In VOCES8 we’ve been really lucky to perform in some fabulous venues…. And while it’s hard to beat some of the top London venues (nothing is ever quite as scary as performing in your home town!), the NCPA in Beijing was just staggering, and the outdoor amphitheatre in Vaison-la-Romaine was a joy to sing in.

Who are your favourite musicians?

So many that I couldn’t even start to name check them all, but I’d go for Miles Davis as one…

What is your most memorable concert experience?

Headlining the first ever classical music festival in Kenya on a huge outdoor stage will live forever in my mind I think! But we’ve had so many inspiring, emotional, spiritual and sometimes simply funny places to sing… every day is different!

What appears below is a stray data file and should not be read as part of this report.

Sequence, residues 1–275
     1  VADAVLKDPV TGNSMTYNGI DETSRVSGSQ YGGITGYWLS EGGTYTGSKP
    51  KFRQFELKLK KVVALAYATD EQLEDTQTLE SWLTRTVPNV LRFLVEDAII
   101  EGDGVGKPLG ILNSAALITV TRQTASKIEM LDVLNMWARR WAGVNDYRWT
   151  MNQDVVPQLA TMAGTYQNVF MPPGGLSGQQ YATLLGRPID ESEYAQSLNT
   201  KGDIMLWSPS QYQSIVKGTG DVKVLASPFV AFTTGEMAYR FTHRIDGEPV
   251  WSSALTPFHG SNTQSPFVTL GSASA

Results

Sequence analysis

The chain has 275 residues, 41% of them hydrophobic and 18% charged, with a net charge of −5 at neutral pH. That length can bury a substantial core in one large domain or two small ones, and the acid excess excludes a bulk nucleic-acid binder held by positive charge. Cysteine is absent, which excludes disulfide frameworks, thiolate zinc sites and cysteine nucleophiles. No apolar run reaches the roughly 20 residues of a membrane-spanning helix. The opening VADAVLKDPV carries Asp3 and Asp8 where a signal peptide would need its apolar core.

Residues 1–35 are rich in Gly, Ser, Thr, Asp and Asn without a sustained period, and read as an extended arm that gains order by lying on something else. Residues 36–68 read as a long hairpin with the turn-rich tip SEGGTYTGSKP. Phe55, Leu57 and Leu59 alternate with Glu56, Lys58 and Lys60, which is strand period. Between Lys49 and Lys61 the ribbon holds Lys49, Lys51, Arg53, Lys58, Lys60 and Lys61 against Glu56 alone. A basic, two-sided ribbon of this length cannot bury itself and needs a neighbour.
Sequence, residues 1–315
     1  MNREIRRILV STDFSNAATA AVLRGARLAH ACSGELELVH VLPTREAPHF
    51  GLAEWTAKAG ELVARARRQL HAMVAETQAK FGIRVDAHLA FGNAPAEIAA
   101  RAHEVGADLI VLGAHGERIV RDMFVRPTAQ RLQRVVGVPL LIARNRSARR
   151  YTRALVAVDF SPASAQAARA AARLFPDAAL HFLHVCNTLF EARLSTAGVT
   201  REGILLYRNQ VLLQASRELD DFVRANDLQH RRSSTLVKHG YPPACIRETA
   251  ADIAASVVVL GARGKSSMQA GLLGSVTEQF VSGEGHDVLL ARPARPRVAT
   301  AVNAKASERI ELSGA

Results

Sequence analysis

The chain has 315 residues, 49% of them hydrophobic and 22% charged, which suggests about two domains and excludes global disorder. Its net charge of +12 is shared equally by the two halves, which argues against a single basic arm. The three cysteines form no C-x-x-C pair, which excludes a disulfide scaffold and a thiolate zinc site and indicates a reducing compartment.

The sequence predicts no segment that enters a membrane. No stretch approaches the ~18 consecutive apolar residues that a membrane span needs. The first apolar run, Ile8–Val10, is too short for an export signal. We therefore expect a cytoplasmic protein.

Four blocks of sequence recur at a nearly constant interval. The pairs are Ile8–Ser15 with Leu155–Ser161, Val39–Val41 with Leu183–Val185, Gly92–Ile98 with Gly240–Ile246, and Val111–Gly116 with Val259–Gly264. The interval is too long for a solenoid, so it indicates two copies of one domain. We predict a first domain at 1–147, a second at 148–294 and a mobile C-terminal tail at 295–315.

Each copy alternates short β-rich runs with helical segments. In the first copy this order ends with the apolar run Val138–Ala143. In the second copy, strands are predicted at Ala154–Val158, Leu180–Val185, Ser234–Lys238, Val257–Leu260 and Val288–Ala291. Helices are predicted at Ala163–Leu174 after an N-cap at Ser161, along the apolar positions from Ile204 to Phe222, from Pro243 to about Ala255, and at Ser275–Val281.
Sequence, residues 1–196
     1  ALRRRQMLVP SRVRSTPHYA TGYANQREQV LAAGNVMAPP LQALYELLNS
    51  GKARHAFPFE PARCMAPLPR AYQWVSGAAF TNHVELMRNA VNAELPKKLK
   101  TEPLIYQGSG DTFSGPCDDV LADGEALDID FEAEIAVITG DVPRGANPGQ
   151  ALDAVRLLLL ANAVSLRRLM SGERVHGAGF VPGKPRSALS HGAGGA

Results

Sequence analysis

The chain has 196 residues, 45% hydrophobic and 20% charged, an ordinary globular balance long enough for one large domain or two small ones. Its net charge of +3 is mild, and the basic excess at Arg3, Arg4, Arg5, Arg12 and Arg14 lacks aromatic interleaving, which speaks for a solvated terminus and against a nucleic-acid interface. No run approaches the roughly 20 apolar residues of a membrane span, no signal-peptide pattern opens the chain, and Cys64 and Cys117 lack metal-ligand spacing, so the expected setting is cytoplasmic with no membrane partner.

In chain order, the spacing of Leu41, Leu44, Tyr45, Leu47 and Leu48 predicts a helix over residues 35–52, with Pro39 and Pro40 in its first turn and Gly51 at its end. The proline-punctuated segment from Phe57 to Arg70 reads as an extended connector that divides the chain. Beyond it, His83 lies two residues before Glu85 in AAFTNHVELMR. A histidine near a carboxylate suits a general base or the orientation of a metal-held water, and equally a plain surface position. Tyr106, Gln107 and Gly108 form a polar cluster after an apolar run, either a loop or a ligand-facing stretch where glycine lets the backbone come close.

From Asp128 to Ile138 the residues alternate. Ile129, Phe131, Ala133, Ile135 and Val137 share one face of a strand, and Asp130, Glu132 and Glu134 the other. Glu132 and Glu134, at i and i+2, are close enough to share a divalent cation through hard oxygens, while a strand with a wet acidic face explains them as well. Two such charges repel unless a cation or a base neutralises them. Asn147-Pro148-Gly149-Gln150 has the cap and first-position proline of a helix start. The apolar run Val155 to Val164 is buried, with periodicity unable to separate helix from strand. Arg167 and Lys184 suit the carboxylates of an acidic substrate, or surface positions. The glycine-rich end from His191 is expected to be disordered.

What is your favourite music to perform? To listen to?

That depends entirely on my mood. This week in rehearsal we’ve been looking at Byrd, Panufnik, Marcello and Simon and Garfunkel…. All for different upcoming projects, and all great in different ways.

What do you consider to be the most important ideas and concepts to impart to aspiring musicians/students?

Be open to as much as possible, dedicate yourself to what you want to achieve and then work out how you’re going to get there. Don’t every worry about someone telling you that they don’t like what you’re doing. Art is subjective. And in the world that we live in, being as multi-faceted as possible is always going to be helpful for you.

What are you working on at the moment?